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Nun Who Urges Change Has a Faithful Following

March 25, 1992|SHERRY ANGEL | SPECIAL TO THE TIMES

IRVINE — Having once been a workaholic herself, Sister Therese Even knows that the busy people who attend her lectures may be too stressed out to really hear what she has to say about how to improve family relationships.

So the Minnesota nun, who began paying more attention to her own personal relationships after going through a 12-step recovery program, always takes time at the start of her lectures to put her audience in a receptive mood.

There didn't seem to be any resistance among the parishioners at St. John Neumann Catholic Church when Even, who attracted about 600 people to each of four evening lectures last week, asked them to close their eyes, breathe deeply and clear their minds of any negative thoughts that might interfere with her positive message.

Even--who also addressed sizable audiences at St. Cecilia Catholic Church in Tustin during her visit to Orange County--found answers in therapy as well as prayer when she went through a period of soul-searching about 12 years ago. And now she brings a unique mix of psychology and Scripture to the lectures she gives across the country in churches of all denominations.

The 66-year-old nun of the School Sister of Notre Dame said in an interview that she tends to attract large audiences because people in today's high-stress society have "a spiritual hunger," and they're frustrated by family problems they don't know how to fix.

She encourages people to slow down, take stock and make changes that will result in richer relationships.

Charlene Meade, a 40-year-old Irvine resident who is married, has two children and works full time in the insurance industry, said it wasn't easy to set aside four evenings to attend the lectures at St. John Neumann. But she's glad she did.

She said she needed to get back in touch with her spiritual side and put her priorities in order because she'd been "obsessing on problems that weren't really important."

The lectures gave her "more of an appreciation for what I have and more of a commitment to make sure my kids get what they need emotionally and spiritually."

She also realized she had a tendency to be too tough on herself and others--to figure, "If you have too many black marks on your chalkboard, there's no way you're ever going to get to heaven."

Listening to Even's talks made her feel more forgiving toward herself and others and gave her "renewed enthusiasm for life," she said. "It reminded me that we're the ones who make a difference in our own lives."

That's just what Even wanted her listeners to learn.

Standing at the pulpit of St. John Neumann Catholic Church in a businesslike suit, she told those in the audience that they can transform their lives by substituting positive affirmations for any negative messages they carry from childhood.

"So many of our lives are filled with negative experiences that hurt us. We lack security. We can't love the way we want to, and that's what keeps us from living fully," Even said.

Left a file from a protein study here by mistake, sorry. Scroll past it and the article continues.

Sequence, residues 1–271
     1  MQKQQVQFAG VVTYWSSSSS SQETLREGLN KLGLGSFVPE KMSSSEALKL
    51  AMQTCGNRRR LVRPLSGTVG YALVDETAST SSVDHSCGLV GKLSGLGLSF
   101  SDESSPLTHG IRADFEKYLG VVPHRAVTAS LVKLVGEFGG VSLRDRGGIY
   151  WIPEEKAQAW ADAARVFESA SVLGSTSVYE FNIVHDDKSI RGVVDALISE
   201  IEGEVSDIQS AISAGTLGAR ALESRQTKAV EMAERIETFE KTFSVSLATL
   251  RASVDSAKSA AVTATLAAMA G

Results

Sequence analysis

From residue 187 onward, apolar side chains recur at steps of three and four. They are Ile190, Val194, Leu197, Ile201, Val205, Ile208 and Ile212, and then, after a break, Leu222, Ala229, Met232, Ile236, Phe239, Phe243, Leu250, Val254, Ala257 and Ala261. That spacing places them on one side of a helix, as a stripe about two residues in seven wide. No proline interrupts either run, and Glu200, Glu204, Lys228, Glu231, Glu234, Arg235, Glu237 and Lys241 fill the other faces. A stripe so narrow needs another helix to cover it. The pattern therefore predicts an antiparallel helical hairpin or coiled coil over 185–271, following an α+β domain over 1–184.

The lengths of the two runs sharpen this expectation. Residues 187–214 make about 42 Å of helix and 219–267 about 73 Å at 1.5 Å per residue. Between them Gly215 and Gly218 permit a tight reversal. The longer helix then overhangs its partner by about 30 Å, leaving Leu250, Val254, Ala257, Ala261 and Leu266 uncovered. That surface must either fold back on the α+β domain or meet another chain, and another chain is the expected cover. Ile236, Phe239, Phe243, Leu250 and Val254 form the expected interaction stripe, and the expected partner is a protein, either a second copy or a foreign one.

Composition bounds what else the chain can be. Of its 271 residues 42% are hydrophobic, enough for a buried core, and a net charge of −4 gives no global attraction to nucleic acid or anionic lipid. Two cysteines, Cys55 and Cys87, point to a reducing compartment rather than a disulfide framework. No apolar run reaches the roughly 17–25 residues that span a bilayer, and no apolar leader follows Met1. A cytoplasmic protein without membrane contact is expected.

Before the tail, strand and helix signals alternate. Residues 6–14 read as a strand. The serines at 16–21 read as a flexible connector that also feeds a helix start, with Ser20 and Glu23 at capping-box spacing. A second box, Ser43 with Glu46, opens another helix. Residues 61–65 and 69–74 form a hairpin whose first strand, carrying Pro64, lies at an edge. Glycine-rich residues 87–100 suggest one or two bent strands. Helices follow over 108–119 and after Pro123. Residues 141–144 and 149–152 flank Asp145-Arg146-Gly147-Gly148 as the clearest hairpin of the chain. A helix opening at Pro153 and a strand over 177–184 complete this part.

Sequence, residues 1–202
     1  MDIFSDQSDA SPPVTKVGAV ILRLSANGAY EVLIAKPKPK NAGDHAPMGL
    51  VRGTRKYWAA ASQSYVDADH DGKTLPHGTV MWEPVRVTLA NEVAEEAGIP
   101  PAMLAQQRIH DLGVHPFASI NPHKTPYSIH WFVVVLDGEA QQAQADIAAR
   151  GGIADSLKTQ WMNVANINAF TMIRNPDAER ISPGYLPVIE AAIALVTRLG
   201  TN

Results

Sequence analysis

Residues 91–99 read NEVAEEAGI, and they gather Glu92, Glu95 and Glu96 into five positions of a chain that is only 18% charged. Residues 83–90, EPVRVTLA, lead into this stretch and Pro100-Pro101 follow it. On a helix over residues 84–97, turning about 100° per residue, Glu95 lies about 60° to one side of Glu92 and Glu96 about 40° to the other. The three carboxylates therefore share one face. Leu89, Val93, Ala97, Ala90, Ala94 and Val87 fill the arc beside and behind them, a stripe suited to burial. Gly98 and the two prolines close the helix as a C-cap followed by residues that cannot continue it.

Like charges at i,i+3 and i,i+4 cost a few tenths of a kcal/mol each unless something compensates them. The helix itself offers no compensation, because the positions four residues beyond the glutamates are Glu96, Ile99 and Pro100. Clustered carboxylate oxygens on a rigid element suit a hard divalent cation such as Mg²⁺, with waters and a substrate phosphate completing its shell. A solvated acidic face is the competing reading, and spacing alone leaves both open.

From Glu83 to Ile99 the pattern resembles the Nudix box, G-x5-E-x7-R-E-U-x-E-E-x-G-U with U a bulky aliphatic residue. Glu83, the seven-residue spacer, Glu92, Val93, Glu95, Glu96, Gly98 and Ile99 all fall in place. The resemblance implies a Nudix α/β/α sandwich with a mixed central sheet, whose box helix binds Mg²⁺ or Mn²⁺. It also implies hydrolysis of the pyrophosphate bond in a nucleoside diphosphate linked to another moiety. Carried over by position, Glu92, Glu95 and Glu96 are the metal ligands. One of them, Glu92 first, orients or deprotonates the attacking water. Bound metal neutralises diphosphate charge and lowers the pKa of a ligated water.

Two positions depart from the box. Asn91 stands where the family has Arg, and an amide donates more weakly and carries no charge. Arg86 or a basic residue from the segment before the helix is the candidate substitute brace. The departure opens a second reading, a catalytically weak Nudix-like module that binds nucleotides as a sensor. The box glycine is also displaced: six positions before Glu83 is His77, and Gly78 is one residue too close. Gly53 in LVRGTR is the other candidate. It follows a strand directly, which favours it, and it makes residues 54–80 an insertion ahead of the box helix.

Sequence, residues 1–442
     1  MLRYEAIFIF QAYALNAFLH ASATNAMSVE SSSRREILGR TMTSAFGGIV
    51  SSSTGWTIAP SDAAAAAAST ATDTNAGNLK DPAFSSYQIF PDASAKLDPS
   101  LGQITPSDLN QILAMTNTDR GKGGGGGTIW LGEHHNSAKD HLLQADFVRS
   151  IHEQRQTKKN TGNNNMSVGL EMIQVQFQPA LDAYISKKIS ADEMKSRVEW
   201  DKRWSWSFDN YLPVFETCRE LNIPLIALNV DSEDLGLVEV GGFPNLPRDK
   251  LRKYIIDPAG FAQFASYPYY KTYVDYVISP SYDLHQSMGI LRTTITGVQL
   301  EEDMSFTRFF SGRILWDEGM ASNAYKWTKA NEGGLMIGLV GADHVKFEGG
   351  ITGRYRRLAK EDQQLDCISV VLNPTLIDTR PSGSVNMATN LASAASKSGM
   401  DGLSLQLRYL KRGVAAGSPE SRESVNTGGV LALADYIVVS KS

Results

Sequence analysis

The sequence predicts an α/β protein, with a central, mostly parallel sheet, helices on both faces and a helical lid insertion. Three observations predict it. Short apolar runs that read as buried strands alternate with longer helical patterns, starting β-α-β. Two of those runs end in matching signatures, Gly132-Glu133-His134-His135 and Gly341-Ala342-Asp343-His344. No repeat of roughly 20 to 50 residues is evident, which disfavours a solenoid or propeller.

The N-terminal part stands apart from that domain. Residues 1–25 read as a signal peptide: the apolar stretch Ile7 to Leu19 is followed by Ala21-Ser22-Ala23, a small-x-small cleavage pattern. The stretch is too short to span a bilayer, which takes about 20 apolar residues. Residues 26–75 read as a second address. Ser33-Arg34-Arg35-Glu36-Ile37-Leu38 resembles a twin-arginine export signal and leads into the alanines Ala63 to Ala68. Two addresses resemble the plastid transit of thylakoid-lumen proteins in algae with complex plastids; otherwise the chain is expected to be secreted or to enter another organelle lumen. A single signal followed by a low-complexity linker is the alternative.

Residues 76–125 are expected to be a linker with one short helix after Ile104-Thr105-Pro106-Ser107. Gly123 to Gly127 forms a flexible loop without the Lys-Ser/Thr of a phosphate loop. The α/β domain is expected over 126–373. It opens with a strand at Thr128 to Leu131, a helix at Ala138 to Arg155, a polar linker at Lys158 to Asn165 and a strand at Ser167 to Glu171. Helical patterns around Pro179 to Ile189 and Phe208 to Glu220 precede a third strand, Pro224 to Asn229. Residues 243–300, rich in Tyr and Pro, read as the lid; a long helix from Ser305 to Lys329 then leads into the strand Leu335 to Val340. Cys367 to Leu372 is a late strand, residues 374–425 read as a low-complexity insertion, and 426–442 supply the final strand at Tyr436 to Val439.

However, she added, as adults, "we can change our behavior by feeding new data into our subconscious mind. The messages we give ourselves are the most important messages we're going to hear. The positive will win over the negative."

She stressed the importance of building self-esteem as a prerequisite for developing strong relationships because, she said, you can't give--or receive--love without feeling good about yourself.

When she addresses parishioners in a deep, soothing voice, Even projects a quiet empathy that says, "I've been there." And she shares enough of herself to convince people that her advice comes from the hard-earned lessons of personal experience as well as the Gospel.

In an interview between lectures, Even said she was already traveling around the country giving talks on relationships when she realized about 12 years ago that she had a lot of work to do on her own.

"Everybody thought I had it all together, but I didn't," she said.

She devoted all her time to her work--at the expense of her relationships--because she was always trying to prove herself, to make up for her lack of self-esteem by overachieving.

She said she never turned down requests for help from other nuns. "I wanted people to like me and accept me, so I'd do anything they asked of me. Then I'd resent them because I felt used. I was saying 'yes' on the outside and 'no' on the inside."

Through counseling, she discovered that she needed to come to terms with her feelings toward her parents--a father who was a workaholic and a mother who kept a tight rein on her emotions, especially anger.

Even's therapist told her that she was "spiritualizing" her anger toward her parents and others because she had never learned to express it.

"I'd bury my feelings and just forgive. But forgiveness is the last thing you do," Even explained. "First you have to get in touch with your feelings."

She finally did, and that enabled her to make peace with her parents, to increase her self-esteem and to keep her work from interfering with her relationships.

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